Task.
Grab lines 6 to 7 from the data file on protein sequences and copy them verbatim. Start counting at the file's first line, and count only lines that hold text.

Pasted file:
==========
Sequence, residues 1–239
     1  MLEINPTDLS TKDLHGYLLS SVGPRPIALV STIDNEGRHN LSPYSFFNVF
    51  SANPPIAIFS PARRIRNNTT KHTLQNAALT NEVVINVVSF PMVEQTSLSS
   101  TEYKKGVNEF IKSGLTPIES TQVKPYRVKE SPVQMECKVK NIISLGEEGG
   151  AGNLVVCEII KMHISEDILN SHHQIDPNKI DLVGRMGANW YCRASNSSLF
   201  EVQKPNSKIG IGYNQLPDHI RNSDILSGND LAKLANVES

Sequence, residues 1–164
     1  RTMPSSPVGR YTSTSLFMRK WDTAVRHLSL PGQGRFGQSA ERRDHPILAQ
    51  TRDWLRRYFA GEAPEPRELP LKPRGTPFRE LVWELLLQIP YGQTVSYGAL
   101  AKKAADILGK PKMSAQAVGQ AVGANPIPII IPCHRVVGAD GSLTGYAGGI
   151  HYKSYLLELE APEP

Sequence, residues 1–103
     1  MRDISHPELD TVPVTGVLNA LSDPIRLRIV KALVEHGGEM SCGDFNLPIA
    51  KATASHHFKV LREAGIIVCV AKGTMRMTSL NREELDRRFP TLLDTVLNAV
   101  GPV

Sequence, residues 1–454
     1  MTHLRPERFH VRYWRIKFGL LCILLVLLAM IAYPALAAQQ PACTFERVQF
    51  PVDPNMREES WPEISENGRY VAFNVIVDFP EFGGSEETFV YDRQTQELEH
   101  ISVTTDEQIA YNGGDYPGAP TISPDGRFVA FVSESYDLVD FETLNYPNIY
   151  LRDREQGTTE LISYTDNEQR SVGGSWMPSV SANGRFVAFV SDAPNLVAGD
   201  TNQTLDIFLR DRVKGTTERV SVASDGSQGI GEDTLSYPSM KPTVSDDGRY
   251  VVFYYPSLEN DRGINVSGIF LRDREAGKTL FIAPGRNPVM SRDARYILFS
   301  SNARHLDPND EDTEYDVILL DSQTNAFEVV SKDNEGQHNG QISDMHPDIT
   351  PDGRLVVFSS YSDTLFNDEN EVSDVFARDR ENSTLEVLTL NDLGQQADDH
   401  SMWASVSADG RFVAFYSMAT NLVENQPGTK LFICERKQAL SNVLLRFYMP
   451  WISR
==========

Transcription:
   201  EVQKPNSKIG IGYNQLPDHI RNSDILSGND LAKLANVES

Sequence, residues 1–164